Chemical found in everything from paint to toothpaste added to list of suspected carcinogens over inhalation risk at high concentrations
The European Chemicals Agency (Echa) has concluded that titanium dioxide may cause cancer if inhaled.
Titanium dioxide is found in a vast number of household items such as toothpaste, sunscreen and food colouring. Despite its widespread use, there have been limited trials to assess its toxicity to humans. The proposal to classify titanium dioxide as a chemical suspected of causing cancer was based on the discovery that high levels of titanium dioxide nanoparticles caused respiratory tract cancers in rodents.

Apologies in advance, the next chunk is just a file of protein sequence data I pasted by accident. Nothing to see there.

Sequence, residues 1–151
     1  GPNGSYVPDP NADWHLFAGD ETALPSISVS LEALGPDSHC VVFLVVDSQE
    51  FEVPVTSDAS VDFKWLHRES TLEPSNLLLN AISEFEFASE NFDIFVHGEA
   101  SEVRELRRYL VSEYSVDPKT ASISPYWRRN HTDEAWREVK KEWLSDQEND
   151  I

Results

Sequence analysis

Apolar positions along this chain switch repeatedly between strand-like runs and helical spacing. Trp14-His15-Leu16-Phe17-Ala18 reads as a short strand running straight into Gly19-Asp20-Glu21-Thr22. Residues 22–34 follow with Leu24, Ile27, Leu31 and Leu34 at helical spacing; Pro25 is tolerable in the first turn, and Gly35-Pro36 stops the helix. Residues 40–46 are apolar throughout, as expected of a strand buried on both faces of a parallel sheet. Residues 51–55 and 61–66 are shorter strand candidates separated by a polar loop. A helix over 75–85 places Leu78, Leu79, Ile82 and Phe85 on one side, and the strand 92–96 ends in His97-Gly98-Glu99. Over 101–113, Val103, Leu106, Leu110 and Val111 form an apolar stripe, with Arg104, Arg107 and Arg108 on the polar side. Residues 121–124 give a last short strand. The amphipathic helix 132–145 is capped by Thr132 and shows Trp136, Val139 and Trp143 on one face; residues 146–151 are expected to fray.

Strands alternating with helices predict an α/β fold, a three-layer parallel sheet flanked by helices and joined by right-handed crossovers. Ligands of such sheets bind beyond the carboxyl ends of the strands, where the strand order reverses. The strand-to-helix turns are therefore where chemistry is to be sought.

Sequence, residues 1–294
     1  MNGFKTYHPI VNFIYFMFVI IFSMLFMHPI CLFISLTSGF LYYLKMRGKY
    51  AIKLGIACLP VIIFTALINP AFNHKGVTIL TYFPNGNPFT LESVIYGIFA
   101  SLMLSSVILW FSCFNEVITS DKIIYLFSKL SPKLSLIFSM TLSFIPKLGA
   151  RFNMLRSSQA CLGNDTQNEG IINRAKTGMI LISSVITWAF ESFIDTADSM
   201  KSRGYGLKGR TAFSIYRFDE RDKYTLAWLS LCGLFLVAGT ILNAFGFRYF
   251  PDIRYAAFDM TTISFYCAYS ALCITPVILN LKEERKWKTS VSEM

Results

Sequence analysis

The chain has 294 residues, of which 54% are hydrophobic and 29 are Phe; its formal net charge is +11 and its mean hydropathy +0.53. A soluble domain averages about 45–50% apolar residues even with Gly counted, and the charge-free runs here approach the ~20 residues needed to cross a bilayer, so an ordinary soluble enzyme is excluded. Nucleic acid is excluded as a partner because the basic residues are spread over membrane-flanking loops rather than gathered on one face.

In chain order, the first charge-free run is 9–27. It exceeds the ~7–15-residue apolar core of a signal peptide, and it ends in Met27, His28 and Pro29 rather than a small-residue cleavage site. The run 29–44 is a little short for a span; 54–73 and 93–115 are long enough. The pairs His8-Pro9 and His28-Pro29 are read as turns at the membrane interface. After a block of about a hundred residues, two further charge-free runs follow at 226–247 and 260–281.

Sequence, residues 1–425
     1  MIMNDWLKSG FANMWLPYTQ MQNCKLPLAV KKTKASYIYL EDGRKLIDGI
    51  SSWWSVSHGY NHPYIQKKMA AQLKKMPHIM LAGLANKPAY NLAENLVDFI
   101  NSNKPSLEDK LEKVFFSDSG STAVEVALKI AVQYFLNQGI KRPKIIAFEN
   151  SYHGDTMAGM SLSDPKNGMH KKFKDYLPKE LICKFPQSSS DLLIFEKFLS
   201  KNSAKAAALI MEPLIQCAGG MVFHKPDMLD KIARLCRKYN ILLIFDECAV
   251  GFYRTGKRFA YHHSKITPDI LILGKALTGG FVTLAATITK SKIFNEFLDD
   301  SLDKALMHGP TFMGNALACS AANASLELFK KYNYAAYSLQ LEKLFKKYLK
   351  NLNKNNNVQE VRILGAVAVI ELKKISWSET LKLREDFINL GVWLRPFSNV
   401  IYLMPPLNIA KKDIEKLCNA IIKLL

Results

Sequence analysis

The chairman of the Titanium Dioxide Manufacturers Association, Robert Bird, expressed disappointment at Echa’s proposal. In a press release he stated that ‘there are no grounds for classifying titanium dioxide as carcinogenic for humans via inhalation’. However, this is not the first time that concerns have been raised over the potential carcinogenic properties of titanium dioxide – research in 2008 linked inhalation of the chemical to cancer in humans.
The classification of titanium dioxide as a chemical suspected of causing cancer is unlikely to influence its prevalence in products, however. In the past, substances like coffee have been associated with a similar level of risk by the World Health Organization.
The European commission will have the final say on whether to accept Echa’s proposed classification.